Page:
In the 1860s, writer Karl Maria Kertbeny first invented the term heterosexual, and later coined homosexual as its opposite. The term entered the psychiatric lexicon in the 1880s and 1890s thanks to Richard von Krafft-Ebing's adoption of it in Psychopathia Sexualis. One prominent American doctor used the term for patients who would be called bisexual today, and many American laymen continued to use it that way, along with the more euphemistic "ambidextrous," well into the 1920's. In psychiatric circles, though, the term was well established by 1915 when Sigmund Freud used it in a revised edition of his Three Essays on the Theory of Sexuality as a synonym for "normal" sexuality, sexual desire directed toward members of the opposite sex. The heterosexual/homosexual/bisexual/transsexual distinctions as they have been used by doctors and sexologists in the 20th Century are beginning to weaken as doctors and sex professionals share a growing awareness of the fluidity of an individual's sexuality.
Prejudice against gay people fomented by individuals, institutions, or nations. Anti-gay bigotry. (www.gayhistory.com)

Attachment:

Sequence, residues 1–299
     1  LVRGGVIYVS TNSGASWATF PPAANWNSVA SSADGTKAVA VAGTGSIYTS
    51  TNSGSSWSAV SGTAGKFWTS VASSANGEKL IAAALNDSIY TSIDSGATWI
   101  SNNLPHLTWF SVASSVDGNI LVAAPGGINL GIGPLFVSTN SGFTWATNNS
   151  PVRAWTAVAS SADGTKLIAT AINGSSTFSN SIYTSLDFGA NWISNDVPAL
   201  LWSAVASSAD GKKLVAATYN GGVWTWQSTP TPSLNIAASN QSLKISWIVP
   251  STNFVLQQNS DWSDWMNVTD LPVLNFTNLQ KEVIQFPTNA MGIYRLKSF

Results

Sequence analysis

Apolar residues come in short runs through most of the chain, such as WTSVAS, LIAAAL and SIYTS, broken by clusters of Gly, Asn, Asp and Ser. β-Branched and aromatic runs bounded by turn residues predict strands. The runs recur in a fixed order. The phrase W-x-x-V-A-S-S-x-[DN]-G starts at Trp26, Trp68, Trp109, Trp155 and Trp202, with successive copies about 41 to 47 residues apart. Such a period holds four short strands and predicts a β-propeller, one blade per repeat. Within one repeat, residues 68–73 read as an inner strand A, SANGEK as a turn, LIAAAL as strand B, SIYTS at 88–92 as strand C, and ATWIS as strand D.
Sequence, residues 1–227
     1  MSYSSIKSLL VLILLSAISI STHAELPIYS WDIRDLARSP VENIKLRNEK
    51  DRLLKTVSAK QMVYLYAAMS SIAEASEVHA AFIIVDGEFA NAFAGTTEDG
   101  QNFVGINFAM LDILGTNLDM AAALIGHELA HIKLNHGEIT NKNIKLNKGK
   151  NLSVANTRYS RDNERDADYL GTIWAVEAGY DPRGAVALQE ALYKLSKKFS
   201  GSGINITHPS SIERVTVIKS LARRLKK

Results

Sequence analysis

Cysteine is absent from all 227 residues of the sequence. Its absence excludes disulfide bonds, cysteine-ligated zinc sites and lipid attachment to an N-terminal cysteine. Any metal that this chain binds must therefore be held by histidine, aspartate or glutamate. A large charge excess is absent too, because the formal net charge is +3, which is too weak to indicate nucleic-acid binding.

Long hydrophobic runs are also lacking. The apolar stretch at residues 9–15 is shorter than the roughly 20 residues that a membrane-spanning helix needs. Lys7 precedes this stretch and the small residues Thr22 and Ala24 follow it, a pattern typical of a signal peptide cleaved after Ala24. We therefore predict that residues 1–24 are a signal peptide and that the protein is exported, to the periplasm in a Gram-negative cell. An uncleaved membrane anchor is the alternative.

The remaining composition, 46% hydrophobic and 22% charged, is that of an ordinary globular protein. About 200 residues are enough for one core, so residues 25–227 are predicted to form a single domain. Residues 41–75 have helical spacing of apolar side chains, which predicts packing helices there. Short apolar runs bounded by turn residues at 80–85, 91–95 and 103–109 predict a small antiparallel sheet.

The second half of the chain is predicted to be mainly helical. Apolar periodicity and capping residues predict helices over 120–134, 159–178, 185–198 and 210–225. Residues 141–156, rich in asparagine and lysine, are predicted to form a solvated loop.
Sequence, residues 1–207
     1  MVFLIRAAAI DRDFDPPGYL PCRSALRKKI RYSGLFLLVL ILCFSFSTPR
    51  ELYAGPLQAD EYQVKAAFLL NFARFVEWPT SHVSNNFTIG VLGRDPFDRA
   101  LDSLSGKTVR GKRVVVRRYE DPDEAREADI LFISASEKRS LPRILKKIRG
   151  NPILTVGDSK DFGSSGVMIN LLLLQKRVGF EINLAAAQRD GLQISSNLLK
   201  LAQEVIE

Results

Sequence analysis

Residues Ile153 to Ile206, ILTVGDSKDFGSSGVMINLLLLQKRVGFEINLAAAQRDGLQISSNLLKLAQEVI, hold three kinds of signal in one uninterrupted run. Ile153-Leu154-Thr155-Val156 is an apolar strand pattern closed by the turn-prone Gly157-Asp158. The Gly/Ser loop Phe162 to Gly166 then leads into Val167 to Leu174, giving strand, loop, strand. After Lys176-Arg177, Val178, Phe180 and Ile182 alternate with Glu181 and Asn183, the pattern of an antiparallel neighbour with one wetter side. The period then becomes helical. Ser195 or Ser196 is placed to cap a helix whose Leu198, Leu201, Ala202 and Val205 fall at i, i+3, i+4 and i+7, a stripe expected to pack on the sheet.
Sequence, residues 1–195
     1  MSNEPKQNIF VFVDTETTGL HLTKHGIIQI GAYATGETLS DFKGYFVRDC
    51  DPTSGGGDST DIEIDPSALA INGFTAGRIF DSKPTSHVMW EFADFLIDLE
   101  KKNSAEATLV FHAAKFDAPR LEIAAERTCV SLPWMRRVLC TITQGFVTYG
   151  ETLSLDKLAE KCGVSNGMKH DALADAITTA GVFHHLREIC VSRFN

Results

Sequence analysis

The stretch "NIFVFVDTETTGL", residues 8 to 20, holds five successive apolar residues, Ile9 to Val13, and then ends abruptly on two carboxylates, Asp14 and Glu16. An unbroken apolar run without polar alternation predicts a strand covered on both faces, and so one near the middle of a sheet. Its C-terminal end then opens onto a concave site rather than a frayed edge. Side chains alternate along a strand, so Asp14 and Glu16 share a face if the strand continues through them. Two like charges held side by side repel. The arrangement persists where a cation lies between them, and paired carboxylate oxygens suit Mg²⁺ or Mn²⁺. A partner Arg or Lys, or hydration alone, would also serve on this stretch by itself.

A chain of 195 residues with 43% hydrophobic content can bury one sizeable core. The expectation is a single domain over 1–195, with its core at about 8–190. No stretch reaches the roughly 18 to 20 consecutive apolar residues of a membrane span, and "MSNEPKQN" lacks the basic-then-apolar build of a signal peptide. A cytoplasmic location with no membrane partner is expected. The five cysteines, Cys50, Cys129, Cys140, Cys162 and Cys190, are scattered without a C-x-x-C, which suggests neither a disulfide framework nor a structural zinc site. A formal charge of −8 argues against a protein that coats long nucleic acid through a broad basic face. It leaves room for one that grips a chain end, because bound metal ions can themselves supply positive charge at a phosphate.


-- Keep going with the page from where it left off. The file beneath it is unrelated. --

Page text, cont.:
A person whose gender identity does not match the sex he or she was born with. Some transsexuals cross-dress while others opt for surgery to change their bodies from female to male or vise versa. (www.gayhistory.com)
In the 1860's, Karl Maria Kertbeny coined "homosexual" in preference to "pederast," the derogatory term for men who had sex with each other that was in common use in the Germany of his time. According to Kertbeny, many homosexuals are more masculine than ordinary men and are often superior to run of the mill heterosexuals who tend, in his opinion, toward rape and mayhem because they are oversexed. Kertbeny hoped that his new word and his definition of it would help to eliminate Paragraph 175, Germany's oppressive anti-pederasty law,